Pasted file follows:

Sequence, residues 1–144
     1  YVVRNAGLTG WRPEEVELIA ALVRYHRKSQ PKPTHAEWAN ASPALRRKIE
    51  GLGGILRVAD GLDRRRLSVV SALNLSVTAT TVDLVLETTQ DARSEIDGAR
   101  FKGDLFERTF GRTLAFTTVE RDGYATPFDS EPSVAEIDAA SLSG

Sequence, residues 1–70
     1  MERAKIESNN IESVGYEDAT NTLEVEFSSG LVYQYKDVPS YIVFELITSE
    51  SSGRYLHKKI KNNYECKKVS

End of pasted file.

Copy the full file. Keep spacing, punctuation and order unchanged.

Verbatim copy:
Sequence, residues 1–144
     1  YVVRNAGLTG WRPEEVELIA ALVRYHRKSQ PKPTHAEWAN ASPALRRKIE
    51  GLGGILRVAD GLDRRRLSVV SALNLSVTAT TVDLVLETTQ DARSEIDGAR
   101  FKGDLFERTF GRTLAFTTVE RDGYATPFDS EPSVAEIDAA SLSG

Sequence, residues 1–70
     1  MERAKIESNN IESVGYEDAT NTLEVEFSSG LVYQYKDVPS YIVFELITSE
    51  SSGRYLHKKI KNNYECKKVS